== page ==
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Clear organization is extremely important in a well-written paper. Generally speaking, history papers should include the following three elements:

  1. an introduction with a clear thesis statement;
  2. body paragraphs that contain evidence supporting your point of view; and
  3. a conclusion which restates your thesis and suggests the implications of your thesis.
What is an Introduction?

The introduction should lay out your central argument in a clear thesis statement.  For a more detailed explanation of historical arguments and thesis statements, visit our web page, "Writing a Thesis and Making an Argument."

The introduction also serves as a "road map" for the reader. It should offer the reader the direction and general ideas contained in your paper, and set up the necessary background for the paper.

What are Body Paragraphs?

A paragraph is a conceptual unit that teams several sentences to convey a larger thought or point.

Topic sentence and thesis statement: Each paragraph should begin with a general topic sentence that indicates what subject the rest of the paragraph will discuss, what issue it will explore, or what point it will make. Also, every body paragraph should be reflective of your thesis statement. The topic sentence should show the reader how the topic of a paragraph relates to your argument.

One topic for each paragraph: If your paragraph talks about several different subjects, it must either be divided up, so you can develop each point separately and effectively in its own paragraph, or be opened by a topic sentence that makes it clear that you want to mention briefly a variety of lesser points.

Length of a paragraph: Following the topic sentence, remaining sentences in each paragraph provide more detail or evidence about the main topic.  For an explanation of effective usage of quotes, see our web page, "Paraphrases and Quotes."  A paragraph should develop the subject or point it is making; hence, it normally contains at least three sentences in addition to the topic sentence and may have a concluding sentence as well. (Here history writing differs from journalistic style, which often uses shorter paragraphs.)

Transitions: You should pay attention to making clear, smooth transitions between paragraphs.  Between sections you will need a transition or linking statement, indicating that you are moving on to a new topic.  Each paragraph within a section should also be clearly related to the one before and the one after, creating an even, logical flow. If the link is not readily apparent, you should include a sentence which describes the transition.

What is a Conclusion?

Your conclusion should restate/recap your thesis and major points, showing how you have proven your position. You may also want to draw the reader’s attention to possible implications of what you have discussed and your conclusions. Think of this as an answer to the question "So what?" In doing so, however, be careful to stay within the field of history covered by the course. Do not make vague statements about learning from our mistakes or the fundamental good or evil of humanity, as such reflections are best left to the reader.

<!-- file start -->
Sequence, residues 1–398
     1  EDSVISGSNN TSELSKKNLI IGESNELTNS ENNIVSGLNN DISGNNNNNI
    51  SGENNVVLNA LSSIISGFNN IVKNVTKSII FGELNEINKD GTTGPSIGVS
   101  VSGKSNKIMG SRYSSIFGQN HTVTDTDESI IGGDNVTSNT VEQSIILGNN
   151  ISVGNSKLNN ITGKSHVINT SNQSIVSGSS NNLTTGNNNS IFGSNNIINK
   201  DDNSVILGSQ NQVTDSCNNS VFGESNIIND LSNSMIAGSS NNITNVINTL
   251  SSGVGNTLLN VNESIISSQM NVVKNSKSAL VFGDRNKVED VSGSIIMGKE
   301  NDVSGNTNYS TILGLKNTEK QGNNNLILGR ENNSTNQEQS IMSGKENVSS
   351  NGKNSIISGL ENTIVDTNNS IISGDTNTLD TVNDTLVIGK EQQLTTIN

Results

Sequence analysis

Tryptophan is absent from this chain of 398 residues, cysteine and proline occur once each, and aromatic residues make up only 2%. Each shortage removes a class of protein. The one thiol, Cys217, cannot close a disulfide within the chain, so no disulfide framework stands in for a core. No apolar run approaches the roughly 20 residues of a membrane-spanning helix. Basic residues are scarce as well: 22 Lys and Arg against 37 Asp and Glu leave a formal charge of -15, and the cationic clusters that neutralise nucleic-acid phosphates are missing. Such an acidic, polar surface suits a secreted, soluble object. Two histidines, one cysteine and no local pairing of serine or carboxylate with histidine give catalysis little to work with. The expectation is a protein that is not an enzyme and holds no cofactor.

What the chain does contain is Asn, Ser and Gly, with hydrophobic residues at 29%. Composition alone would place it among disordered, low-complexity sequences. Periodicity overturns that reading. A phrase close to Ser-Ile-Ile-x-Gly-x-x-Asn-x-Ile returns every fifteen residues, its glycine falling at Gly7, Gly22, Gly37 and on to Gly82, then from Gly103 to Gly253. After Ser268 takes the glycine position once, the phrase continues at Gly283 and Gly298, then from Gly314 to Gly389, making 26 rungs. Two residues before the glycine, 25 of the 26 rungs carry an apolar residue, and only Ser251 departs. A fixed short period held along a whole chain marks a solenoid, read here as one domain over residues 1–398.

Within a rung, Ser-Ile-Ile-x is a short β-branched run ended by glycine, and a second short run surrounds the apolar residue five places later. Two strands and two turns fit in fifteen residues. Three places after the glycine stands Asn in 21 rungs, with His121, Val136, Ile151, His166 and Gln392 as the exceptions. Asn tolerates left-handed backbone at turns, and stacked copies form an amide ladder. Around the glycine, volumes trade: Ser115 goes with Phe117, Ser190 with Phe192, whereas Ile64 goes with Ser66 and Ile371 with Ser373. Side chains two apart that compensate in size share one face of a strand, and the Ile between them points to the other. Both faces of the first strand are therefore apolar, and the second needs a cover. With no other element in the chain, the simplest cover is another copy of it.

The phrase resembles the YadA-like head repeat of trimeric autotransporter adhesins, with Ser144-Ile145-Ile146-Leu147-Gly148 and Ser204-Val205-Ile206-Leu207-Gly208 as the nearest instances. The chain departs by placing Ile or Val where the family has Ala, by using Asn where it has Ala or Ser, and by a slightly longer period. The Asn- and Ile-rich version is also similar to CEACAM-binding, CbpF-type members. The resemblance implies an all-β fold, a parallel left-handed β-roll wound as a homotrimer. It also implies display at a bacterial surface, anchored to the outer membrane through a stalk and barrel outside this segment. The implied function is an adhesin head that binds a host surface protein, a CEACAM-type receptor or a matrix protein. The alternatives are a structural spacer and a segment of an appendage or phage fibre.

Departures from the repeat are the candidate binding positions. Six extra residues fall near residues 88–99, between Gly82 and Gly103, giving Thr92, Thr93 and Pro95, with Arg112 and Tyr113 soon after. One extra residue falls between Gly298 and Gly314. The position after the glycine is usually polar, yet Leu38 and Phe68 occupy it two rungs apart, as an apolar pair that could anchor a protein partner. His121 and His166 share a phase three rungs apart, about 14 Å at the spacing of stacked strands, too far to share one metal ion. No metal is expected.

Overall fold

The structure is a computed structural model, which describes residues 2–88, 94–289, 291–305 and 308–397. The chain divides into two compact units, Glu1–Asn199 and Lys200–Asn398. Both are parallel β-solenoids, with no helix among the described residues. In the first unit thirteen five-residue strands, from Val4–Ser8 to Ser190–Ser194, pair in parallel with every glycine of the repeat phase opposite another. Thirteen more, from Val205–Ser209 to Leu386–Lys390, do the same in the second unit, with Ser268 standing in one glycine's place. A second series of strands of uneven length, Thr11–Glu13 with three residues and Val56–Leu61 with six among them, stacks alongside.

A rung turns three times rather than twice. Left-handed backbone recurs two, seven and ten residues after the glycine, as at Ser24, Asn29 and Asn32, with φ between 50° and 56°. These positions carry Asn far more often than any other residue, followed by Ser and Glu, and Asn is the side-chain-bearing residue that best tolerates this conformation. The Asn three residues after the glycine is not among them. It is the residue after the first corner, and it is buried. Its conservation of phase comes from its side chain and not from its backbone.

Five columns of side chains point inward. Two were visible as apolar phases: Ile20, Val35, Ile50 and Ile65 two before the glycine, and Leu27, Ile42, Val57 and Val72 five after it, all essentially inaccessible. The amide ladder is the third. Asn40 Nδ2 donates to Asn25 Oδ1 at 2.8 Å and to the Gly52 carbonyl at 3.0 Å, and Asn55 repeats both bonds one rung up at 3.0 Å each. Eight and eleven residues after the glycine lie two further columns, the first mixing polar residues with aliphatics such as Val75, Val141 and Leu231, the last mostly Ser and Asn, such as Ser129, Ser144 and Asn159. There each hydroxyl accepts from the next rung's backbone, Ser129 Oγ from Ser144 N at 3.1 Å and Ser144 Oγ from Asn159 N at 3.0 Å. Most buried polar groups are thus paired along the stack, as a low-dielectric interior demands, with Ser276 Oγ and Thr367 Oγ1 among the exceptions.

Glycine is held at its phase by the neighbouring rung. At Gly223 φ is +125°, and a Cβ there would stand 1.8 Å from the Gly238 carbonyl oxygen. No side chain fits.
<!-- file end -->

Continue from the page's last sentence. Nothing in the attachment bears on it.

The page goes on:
How to Check the Organization of your Paper

If you are still not sure about your organization once you have written a draft, we suggest the following two ways to check your organization.

The 'can I make an outline?' method

If you have a good paper with tight organization, someone should be able to take the first sentence from every paragraph, list them, and create an outline of your argument as a result. Try it! If the list jumps around in subject matter or chronology, you know that you need to rethink the way you have ordered your paper. If you end up with an outline that makes no sense, you know that your organization needs serious attention.

The 'cut up your paper' method

One way to check your organization is to cut up a draft of your paper. Trim away the margin space, any extra paper at the top or bottom of your pages, and separate all your paragraphs. Hand the pieces to a friend and ask him or her to reassemble your paper in the order that makes the best sense to him or her.

When he or she is done, look over the order your friend created for your paper. If it matches your original draft, you know that your organization makes sense and that the transitions between paragraphs were smooth. If he or she reorganized your paper, talk to your friend about why the new order made sense to him or her, and work out ways to make each paragraph connect gracefully to the next. If he or she could not put your paper in any order whatsoever, you know you really need to work on the first and last sentences of each paragraph, as well as the strength of your argument.